9 Signs Your Little One Should See an Orthodontist

Early years orthodontics is gentle, non-invasive and can prevent the need for train tracks and trickier treatments in their teens, says dentist Roksolana Mykhalus.

We all know the early years are crucial for your child’s development. Creating the right environment for little ones to explore, discover and play is proven to boost their learning ability, health and future economic prospects. The early years are also a crucial period for identifying potential problems and intervening before they become more serious – so this is the perfect time to take your child for an orthodontic assessment.

Unlike regular orthodontics, early orthodontics take advantage of the window of opportunity created during the early years up until the age of 8, when a child’s soft, growing jaw begins its process of permanent fusion. Before then, dentists can use gentle, non-invasive treatments to create or preserve space for the permanent teeth to erupt in right place – preventing the need for extractions, jaw surgery or lengthy brace treatments in future.

Not all children require orthodontics – but if you’ve noticed any of the following tell-tale indicators, take your child to see an orthodontist by the age of 7 at the latest:

  • Early or late loss of baby teeth (your child should typically start losing teeth around age five, and will have all their permanent teeth around age 13)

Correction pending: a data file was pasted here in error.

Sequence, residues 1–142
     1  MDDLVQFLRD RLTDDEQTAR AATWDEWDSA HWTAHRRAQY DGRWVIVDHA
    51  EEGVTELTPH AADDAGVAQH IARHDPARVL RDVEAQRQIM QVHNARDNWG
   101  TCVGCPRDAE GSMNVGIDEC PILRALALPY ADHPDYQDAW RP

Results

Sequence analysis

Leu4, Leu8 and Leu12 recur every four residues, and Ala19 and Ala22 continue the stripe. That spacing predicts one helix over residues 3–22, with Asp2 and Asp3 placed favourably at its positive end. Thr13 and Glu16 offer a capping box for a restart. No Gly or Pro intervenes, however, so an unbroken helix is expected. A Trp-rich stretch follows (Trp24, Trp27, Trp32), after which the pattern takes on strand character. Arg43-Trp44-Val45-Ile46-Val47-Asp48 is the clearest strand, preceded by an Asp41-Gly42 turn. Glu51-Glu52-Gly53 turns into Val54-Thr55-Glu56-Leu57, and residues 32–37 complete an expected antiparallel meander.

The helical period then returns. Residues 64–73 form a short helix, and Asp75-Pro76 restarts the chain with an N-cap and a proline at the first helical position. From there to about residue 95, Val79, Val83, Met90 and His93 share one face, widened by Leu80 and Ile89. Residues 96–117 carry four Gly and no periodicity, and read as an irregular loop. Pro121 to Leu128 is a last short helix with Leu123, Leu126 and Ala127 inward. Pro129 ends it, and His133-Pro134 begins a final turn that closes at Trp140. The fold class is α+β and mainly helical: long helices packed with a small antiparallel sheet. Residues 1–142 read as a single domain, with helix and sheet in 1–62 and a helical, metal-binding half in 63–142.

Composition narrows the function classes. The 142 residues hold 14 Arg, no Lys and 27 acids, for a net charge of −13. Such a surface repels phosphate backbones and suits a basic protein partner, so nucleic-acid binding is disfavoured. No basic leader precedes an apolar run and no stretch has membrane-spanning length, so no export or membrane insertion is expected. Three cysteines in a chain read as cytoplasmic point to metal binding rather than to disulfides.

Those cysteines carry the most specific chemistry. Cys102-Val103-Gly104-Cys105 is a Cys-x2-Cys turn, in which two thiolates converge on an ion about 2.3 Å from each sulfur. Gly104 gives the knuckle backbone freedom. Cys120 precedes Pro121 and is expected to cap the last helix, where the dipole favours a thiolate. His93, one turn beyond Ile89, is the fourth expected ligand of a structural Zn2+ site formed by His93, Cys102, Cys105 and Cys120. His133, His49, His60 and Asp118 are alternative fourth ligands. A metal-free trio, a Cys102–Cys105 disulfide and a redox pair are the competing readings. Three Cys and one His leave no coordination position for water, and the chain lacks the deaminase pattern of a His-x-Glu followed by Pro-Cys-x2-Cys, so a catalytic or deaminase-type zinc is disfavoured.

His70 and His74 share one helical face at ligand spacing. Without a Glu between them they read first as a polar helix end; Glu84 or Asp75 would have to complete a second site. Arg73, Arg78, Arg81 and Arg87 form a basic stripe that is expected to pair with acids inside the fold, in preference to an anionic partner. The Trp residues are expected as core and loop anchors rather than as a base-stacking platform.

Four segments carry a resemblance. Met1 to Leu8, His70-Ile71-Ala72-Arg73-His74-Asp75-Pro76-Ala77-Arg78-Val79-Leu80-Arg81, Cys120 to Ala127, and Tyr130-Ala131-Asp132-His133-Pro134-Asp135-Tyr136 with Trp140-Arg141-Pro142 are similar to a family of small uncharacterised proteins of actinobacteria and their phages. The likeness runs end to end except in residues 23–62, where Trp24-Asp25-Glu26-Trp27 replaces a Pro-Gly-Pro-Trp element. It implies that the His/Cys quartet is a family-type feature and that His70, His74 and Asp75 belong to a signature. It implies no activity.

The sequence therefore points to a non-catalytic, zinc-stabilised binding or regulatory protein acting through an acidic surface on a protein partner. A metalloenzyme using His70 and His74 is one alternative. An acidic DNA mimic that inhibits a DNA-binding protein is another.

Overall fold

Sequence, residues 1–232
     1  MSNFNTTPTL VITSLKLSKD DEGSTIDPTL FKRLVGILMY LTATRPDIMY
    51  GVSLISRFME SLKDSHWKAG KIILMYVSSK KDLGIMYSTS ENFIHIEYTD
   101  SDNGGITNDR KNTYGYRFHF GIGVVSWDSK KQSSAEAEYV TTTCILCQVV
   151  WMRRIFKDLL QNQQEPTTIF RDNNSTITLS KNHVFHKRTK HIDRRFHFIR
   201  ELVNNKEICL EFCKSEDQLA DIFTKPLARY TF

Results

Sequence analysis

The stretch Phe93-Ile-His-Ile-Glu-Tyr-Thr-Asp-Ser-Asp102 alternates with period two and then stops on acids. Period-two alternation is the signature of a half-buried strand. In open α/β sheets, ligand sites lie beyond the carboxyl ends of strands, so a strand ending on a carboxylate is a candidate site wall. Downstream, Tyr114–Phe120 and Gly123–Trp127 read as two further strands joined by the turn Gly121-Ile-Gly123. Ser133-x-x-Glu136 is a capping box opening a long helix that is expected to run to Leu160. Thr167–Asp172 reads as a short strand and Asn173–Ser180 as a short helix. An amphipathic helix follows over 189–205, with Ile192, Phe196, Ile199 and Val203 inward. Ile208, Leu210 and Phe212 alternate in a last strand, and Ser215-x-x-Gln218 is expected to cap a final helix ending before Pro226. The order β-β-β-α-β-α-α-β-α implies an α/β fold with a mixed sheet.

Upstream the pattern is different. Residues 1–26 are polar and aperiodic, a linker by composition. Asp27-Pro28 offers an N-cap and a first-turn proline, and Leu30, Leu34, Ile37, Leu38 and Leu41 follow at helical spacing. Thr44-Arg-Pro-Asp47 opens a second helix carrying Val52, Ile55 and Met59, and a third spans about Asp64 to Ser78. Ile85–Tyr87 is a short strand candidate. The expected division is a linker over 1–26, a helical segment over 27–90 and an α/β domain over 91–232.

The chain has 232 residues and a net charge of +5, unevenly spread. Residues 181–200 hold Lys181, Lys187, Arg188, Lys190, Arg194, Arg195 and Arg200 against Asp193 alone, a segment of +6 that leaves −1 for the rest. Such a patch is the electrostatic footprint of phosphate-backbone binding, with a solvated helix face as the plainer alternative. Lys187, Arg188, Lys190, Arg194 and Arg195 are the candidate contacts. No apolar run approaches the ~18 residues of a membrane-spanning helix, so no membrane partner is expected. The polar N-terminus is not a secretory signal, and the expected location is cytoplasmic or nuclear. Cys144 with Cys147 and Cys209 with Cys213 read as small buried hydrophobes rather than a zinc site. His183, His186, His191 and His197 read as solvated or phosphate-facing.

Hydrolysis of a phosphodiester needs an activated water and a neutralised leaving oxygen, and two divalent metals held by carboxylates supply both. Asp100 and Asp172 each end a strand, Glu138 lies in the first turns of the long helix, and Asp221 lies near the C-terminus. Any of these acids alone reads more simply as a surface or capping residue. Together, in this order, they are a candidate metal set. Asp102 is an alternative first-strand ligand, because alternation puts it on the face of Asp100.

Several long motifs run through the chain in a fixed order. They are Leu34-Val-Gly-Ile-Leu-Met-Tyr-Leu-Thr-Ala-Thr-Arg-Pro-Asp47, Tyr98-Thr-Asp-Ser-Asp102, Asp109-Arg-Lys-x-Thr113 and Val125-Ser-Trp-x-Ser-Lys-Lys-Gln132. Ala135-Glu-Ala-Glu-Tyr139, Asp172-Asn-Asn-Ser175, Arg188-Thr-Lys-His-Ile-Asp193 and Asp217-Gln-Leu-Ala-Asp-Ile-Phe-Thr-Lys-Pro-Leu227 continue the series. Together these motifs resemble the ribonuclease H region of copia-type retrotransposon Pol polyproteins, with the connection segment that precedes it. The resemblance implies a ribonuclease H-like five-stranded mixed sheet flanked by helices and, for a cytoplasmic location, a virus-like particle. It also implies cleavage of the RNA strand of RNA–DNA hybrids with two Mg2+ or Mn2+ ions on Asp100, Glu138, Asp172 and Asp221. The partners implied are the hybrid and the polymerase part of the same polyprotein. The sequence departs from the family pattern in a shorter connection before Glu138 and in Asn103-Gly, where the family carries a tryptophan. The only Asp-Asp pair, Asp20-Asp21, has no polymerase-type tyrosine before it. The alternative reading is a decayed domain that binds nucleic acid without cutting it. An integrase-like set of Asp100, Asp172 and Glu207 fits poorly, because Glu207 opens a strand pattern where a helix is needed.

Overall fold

• Difficulty chewing and/or biting
  • Mouth breathing
  • Thumb/finger sucking after age 5
  • Speech problems
  • Teeth that don't come together in a normal manner or even at all
  • Grinding or clenching of teeth
  • Shifting of the jaw when your child opens or closes his or her mouth (crossbite)
  • Crowded front teeth around age 7 or 8

So what’s the next step? This is where parents may need to put in some legwork, as few family dentists in the UK offer early orthodontics. While there are lots of private orthodontists out there, only a paediatric dentist will have the additional training required to get very young children on board with the idea of treatment – making the experience fun and free of fear.

Roksolana Mykhalus is founder of Happy Kids Dental, a dentist just for children in central London.

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